Sorry, that just reads as corporate spin, and self-justification. Sort of 'love the sinner, but hate the sin'.

Ever heard that before.

Just for the record, I am, many of us are, in full communion with The Episcopal Church. We remain in the Church of England to change it and to keep loving Christ and serving people at the local community level... but frankly, the archbishop has lost his authority, when it comes to trying to control our consciences - something he can never do.

He faces resistance now, right here in England. Individuals and priests and deans and churches, at local level, will scorn this action by the prelates. The Letter to the Archbishops revealed the depth of feeling and support for LGBT people, and I very much hope Jayne Ozanne will follow up her first letter with a Covenant of Affirmation, stating the date and time from which Christians in our country will decide their own consciences - at local church level - and getting a core group to be the first signatories, before opening it to all.

Enough of this shocking and repeated attempt to impose uniformity of conscience.

Lord have mercy, especially on those who are marginalised, or diminished for being different from the privileged and the corporate elite.


Posted by: Susannah Clark on Thursday, 14 January 2016 at 6:31pm GMT

My heart and prayers are with TEC. The tone of the communiqué feels as though they have been put on the naughty step. What sanctions are there on those in the Communion who have supported the criminalisation of homosexuality? Committed, long term faithful relationships are, it would seem, part of God's plan for human beings. We are created social beings. How can we insist that some of us because of the way in which we are created (and we are all created in the image of God) must live a life of loneliness? It is an entirely separate issue about whether all committed, long term and faithful relationships should be described as 'marriage', but bless these relationships we must do, it is not an option.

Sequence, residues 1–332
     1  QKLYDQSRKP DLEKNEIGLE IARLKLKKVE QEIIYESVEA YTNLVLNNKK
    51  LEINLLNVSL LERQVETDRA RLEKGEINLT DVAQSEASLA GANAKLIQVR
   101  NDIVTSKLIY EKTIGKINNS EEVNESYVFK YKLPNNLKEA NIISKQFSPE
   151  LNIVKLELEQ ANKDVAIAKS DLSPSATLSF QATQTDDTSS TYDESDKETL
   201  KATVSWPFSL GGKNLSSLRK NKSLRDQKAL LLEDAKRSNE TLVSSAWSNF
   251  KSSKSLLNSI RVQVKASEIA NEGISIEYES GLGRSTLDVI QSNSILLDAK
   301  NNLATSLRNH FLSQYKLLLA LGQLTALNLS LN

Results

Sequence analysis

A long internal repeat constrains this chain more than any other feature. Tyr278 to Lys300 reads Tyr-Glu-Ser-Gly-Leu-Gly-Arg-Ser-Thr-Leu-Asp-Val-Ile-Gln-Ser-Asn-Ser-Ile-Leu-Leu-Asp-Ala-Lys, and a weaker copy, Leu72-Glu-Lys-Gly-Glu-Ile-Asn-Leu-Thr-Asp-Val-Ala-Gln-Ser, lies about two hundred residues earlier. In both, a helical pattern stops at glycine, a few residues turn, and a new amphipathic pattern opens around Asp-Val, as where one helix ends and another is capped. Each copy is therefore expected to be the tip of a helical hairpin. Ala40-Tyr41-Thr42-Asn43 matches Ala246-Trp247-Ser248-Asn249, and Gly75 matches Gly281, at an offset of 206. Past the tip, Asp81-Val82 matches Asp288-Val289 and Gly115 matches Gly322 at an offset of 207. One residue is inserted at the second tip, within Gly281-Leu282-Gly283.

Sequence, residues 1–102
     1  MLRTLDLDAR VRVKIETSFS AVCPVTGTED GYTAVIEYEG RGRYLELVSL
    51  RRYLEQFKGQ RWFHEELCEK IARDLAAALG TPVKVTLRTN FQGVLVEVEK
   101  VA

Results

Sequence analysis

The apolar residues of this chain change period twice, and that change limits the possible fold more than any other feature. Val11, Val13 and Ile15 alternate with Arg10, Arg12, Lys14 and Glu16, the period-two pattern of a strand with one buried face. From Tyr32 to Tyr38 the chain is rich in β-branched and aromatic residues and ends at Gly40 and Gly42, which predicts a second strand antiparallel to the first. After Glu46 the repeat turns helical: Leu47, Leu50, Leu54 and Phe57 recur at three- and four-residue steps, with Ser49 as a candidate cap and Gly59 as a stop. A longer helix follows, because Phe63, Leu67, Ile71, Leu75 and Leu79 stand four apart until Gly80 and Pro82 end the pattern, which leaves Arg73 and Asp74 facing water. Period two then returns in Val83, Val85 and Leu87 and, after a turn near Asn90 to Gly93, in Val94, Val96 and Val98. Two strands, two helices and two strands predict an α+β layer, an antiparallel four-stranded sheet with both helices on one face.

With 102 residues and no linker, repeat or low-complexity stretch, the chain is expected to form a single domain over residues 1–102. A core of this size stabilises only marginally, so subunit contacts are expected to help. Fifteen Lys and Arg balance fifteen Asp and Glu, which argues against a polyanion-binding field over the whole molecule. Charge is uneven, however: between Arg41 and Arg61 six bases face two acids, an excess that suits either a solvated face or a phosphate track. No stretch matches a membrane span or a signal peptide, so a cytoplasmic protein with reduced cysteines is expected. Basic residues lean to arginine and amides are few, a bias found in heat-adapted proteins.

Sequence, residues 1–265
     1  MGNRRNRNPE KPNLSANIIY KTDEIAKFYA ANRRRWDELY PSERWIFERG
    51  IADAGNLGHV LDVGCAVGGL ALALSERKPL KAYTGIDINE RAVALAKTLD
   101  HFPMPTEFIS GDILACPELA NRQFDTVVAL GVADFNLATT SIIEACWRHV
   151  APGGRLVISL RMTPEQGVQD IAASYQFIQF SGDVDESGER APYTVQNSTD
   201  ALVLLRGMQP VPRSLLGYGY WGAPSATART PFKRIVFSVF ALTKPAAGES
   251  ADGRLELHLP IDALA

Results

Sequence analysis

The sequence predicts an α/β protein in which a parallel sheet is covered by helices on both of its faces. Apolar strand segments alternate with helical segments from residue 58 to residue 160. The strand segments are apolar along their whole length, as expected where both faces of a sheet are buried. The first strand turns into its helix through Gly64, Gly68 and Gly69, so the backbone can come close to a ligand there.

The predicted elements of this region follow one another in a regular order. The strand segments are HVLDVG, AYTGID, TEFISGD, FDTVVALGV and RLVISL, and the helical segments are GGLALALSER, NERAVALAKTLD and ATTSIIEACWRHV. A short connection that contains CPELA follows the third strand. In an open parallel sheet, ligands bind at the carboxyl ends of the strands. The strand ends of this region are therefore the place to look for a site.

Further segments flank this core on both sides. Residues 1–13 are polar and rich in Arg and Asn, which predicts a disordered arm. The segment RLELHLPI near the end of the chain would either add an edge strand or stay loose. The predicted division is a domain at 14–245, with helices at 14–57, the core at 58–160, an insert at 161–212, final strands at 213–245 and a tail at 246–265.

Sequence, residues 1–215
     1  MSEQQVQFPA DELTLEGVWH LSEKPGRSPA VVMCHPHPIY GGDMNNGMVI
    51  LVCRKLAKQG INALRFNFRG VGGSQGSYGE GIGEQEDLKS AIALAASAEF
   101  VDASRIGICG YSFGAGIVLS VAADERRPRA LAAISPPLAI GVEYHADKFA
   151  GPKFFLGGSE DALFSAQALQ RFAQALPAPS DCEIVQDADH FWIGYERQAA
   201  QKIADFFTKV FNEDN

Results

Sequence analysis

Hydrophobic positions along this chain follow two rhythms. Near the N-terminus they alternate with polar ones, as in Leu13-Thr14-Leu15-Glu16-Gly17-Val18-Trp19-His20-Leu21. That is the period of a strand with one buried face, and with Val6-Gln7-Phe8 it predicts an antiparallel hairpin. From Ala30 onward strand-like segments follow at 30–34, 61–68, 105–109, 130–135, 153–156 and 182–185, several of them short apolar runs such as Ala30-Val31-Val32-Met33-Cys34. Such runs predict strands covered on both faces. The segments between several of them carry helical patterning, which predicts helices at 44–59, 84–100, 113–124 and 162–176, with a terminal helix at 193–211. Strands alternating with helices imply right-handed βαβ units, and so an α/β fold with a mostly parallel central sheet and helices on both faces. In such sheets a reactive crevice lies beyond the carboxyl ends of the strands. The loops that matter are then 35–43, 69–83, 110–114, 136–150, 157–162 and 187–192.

Posted by: Anne on Thursday, 14 January 2016 at 6:38pm GMT

I've had enough. Enough with the despicable Church of England and with much of the Anglican communion. I hope that our representatives in General Convention have had enough of this and no longer feel that there is any problem with planting Episcopal congregations and dioceses throughout England. And I hope GC respects the wish of the Anglican communion to be left alone and lets them pay their own bills now. There are enough needs in the countries represented in The Episcopal Church that we don't need to send any more money that way. Enough is enough. We should also remember this treatment when those crumbling CoE parishes come begging, hat in hand, for American parishes to help with the bills. This should be the very end of that scam. How dare they.

Posted by: Dennis on Thursday, 14 January 2016 at 6:47pm GMT

Who gave these bozos (American term for clowns) permission to decide anything on these matters? Only the Anglican Communion, through it's chosen vehicle the Anglican Consultative Council, can decide who sits on the standing committees. I think you will find great resistance from many national church bodies to this top down approach to polity.

Posted by: Jeffrey Allison on Thursday, 14 January 2016 at 6:50pm GMT

So faced with a clear moral choice, our Archbishops chose to side with prejudice and discrimination. Disgraceful and embarrassing.